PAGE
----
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Paris - End Point

Sunday, 10 Jan 2016 - 9:30AM

A pleasantly meandering lead up to our departure via overnight train to Paris.  We had a couple of hilariously named sleeper cabins which have up to three bunks, a teeny sink and a few places to stick stuff.  It leaves Venice at 7:30 and arrives in Paris at 10:00am the following morning and is relatively comfy.  Sleep comes and goes in rattily drifts and goes a bit like; sleep, jolting track change, sleep, loud passengers embarking, snooze, baby next door, sleep, squealing steel wheels, snooze, more jolting, alarming potholes in the tracks, sleep, border police checking passports, snooze, need a pee, sleep.

So it was a bit bleary and more than a bit grumpy that we emerged from this intimate form of travel into a large and implacably bustling Gare de Lyon in Paris. Only ten minutes to our Airbnb by Taxi where bags were dropped until check-in six hours later and so we found ourselves released into Paris looking for a coffee. We’re in arrondissement 5 of the city near Place St Michel which is in the middle bit very near Notre Dame so no shortage of café’s to choose from and retiring to one for coffee and pastry we plotted our next move.

The next four or five days involved some serious planning as it included New Year’s Day and a weekend so the mapping of opening hours of various monuments, palaces, museums, attractions and train timetables was a fairly complex exercise. It all went relatively smoothly.  The most panic filled moment came when we arrived back at the apartment after a night out to discover I had lost the key somewhere. Wondering how the conversation with the landlord was going to go at 11pm (and with the added ‘pressure’ of various members of our party busting for a pee) I backtracked through the various local bars and restaurants until I found the one where the staff had thankfully spotted it and picked it up.  They were having a final drink before going home for the night so good-timing there!

Security around Paris was both highly visible and high calibre with machine guns being standard issue for (admittedly relaxed looking) police and squads of (less relaxed looking) army in full kit with even bigger machine guns patrolling in threes.  Despite the obvious question, in my mind at least, of how often their guns go off by accident, their presence had the desired effect of making everyone feel safe and protected.  I felt a bit sorry for the military guys at places like Notre Dame and the Eiffel Tower.  Their orders were obviously to stand in one obvious spot, much like a fixed target, so as to draw any un-friendly fire away from France’s good citizens, who could then make a safe exit if the balloon should, as they say, ‘go up’.  No wonder they looked a bit miserable.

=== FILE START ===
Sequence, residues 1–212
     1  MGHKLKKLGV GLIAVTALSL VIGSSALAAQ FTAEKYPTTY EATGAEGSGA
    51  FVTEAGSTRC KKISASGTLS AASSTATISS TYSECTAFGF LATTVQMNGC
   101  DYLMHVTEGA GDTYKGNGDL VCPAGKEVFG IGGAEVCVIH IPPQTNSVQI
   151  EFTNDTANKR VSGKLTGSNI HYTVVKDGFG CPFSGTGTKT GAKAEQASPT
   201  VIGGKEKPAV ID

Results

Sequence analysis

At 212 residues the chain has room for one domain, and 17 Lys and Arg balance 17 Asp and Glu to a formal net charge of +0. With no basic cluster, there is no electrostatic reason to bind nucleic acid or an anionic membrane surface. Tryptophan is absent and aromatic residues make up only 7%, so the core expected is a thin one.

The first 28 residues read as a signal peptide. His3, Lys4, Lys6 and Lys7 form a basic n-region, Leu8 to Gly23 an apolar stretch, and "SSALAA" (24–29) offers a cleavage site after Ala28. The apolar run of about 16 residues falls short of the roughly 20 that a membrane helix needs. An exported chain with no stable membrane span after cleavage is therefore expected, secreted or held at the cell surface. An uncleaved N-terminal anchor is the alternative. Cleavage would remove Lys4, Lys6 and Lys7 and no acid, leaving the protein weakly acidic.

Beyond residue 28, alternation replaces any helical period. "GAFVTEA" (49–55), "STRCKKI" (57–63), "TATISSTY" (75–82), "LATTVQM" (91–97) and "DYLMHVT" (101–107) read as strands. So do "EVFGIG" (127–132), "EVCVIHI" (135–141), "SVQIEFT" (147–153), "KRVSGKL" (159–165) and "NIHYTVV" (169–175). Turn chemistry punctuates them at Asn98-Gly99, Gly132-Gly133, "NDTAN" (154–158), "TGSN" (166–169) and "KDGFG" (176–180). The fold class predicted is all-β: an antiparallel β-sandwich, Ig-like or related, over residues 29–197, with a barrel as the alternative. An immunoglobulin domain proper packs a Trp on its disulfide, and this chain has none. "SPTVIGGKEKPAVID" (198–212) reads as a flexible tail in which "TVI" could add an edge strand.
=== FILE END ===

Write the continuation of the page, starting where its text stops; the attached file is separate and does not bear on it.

Despite the fire-power on hand, we stayed in for New Year. The public fireworks display had been cancelled anyway and we had a nice evening eating, drinking and watching the telly.  It turns out there were fireworks after all, we heard them go off but weren’t really too fussed by it.  There’s a lot to experience in Paris so, unlike some of the other places we visited, you’d always find interesting stuff regardless of how often you visit. Stand-outs for me this trip were Versailles (despite a fair drenching), the Louvre (just never enough time) and just exploring arrondissement 5 and 6 where we were staying.  I was also very pleased at avoiding another ‘unfamiliar foods’ experience like the ‘hamburger aux cheval avec des oeufs’ rouse that Robyn inflicted on me the last time we were here.

Home again home again jiggidy jig. Luxuriating in that ‘glad to be home’ feeling that last for about three days, or until you go back to work. The streets seem cleaner and friendlier than when you left, the trees leafier, the average more extraordinary. I feel an odd delight with a corpulent blowfly swaying drunkenly past, a smile from a shopkeeper stands out for its familiarity, Megan says “look at us driving in the traffic”. The typically Auckland Rain today is stupendous (google James Griffin on flavours of Auckland rain) but it’s perversely summery and just great. So feeling both new and old and with our slightly battered suitcases, winter complexions, mementos and impressions we forge our way through the rain towards Taranaki. We drop Dash off at her new apartment in a freshly rinsed Hobson St. Hugs goodbye, feels weird; this must be the official end-point.

From the top of l'arc de triomphe

First obligatory shot

French chickie

A Pont

The shortest queue ever at the Eiffel Tower- see what happens when you get up early girls (#earlybird/worm)?

Second obligatory shot

A diceptively serene looking Robyn considering she's petrified at being on top of the Arc de Triomphe

A deceptively dry looking bunch of girls at le jardins de Versailles considering it's chucking down

Chateau de Versailles at dawn. Notice the queue. (#earlybird/worm)

Chicks at an arty metro entrance (Le Louvre)

Selfie (is it a selfie if there's two of you?)

New Year's wine and Tirimasu

Typical down-time moment 1

Typical downtime moment 2

 

Comments

Nooooooooooooo, I only just worked out how to log in and comment.  Now you are back and the vicarious adventure is over.  I feel I must jump in the car and drive to New Plymouth to check out your slides/photos/jpegs (whayever they are now).  Rest easy though, the urge to drive for longer tan 30 minutes soon passes me.  Seriously though, will you soon be in Auckland for anything?  Perhaps we should investigate the route to Taranaki. 

sarafro
10 Jan 2016, 12:31 AM

You're welcome anytime, it's only an hour and a bit!

Colin, Robyn, Megan, Ashleigh and Nicole
10 Jan 2016, 4:08 AM
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